The local drainage boards in Somerset were set up following the Somersetshire Drainage Act of 1877. This was the latest in a long history of efforts to organise effectively the drainage and the maintenance of waterways on the Levels, and it is still in place so must have been reasonably workable. Qualification to sit on these Drainage Boards is ownership of at least 20 acres of land in the relevant area, so they have tended to become the mouthpiece of local farming interests - in a situation where management of an area such as the Somerset Levels genially involves tension between farming interests and the demands of conservation.
My own background has led me to assume that conservation, including the preservation of wetland species of flora and fauna, is 'good,' and intensive modern farming is 'bad.' Meeting Phoebe Judah, and speaking briefly to Michael Vearncome on the phone as well as reading his History, quickly showed me that this is excessively simplistic. These are good people, doing their best in often difficult circumstances, and having dairy farms and suchlike in an artificially engineered landscape is not a situation of their creation or choosing.
The Internal Drainage Board has limited powers, a bit like a local council but with specific responsibilities towards local waterways. Until recently the Upper Brue board met in Glastonbury Town Hall. For nearly 100 years their activities were overseen and co-ordinated by various versions of the Somerset Rivers Authority, which became part of the Wessex Water Authority in 1974. Wessex Water still supply our domestic water, but responsibility for waterways passed to the National Rivers Authority around 1990, and then to the Environment Agency. The Drainage Boards themselves were re-organised locally in 2012 and there is now one board (replacing four) for the whole of the Brue and the Axe, with its offices in Highbridge.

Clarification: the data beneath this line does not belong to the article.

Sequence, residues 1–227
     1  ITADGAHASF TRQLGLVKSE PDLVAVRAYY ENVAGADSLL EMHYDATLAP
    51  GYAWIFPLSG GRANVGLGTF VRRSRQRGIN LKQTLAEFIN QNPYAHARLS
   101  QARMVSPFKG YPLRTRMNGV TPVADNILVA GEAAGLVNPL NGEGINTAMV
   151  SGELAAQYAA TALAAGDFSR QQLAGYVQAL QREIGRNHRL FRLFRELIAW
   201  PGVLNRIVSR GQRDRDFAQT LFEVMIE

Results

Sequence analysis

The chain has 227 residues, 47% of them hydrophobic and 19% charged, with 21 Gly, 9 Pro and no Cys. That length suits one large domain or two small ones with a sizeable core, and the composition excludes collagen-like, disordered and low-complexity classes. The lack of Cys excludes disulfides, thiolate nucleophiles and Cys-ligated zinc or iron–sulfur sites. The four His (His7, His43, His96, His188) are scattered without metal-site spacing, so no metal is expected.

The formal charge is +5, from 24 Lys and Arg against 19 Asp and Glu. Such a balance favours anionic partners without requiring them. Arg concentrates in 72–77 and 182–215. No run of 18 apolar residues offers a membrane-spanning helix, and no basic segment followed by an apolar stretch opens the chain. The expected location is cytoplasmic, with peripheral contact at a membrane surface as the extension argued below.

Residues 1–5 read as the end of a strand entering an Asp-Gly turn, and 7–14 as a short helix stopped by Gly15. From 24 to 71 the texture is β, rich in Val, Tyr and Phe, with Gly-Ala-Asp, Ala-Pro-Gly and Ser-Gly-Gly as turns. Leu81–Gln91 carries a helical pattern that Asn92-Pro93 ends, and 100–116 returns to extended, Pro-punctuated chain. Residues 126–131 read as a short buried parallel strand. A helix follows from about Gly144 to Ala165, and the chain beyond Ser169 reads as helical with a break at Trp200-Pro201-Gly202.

The minutes show the Board's on-going concern to prevent pollution - by Morlands sheepskin factory, for instance, or farmers with silage run-off. Often these complaints fell on deaf ears and the Board's powers to enforce anything were limited. Mention of outside conservation bodies first appeared in 1977:
"The question of conflict between peat extractors who wanted lower water tables and wildlife conservationists was raised ... A survey was being conducted by the Nature Conservancy Council and the Board were a little sceptical ... From then on the question of wildlife conservation was to take a considerable amount of time, ingenuity and money to appease the conservationists. A few years later a full-time environmentalist ... was appointed to look after the interests of the wildlife of the area."
From then on conservation issues were mentioned more and more frequently, and the attitude that conservationists needed 'appeasing' fell away. By 2003 there was an RSPB representative appointed to the Board - at that time she was also the only woman at Drainage Board meetings. The key issue was always the water levels - which are maintained by pumping etc - farmers and particularly peat extractors wanting a low water table, conservationists wanting it higher. The Board was doing its best to arrange 'wet' and relatively 'dry' areas adjacent to each other.
By the beginning of the new millennium worked-out peat extraction areas were beginning to be used as wildlife sanctuaries. With last winter's exceptionally wet weather, and the prospect of climate change making a repeat of this more likely in the future, the on-going viability of intensive farming on the Somerset levels is now being called into question.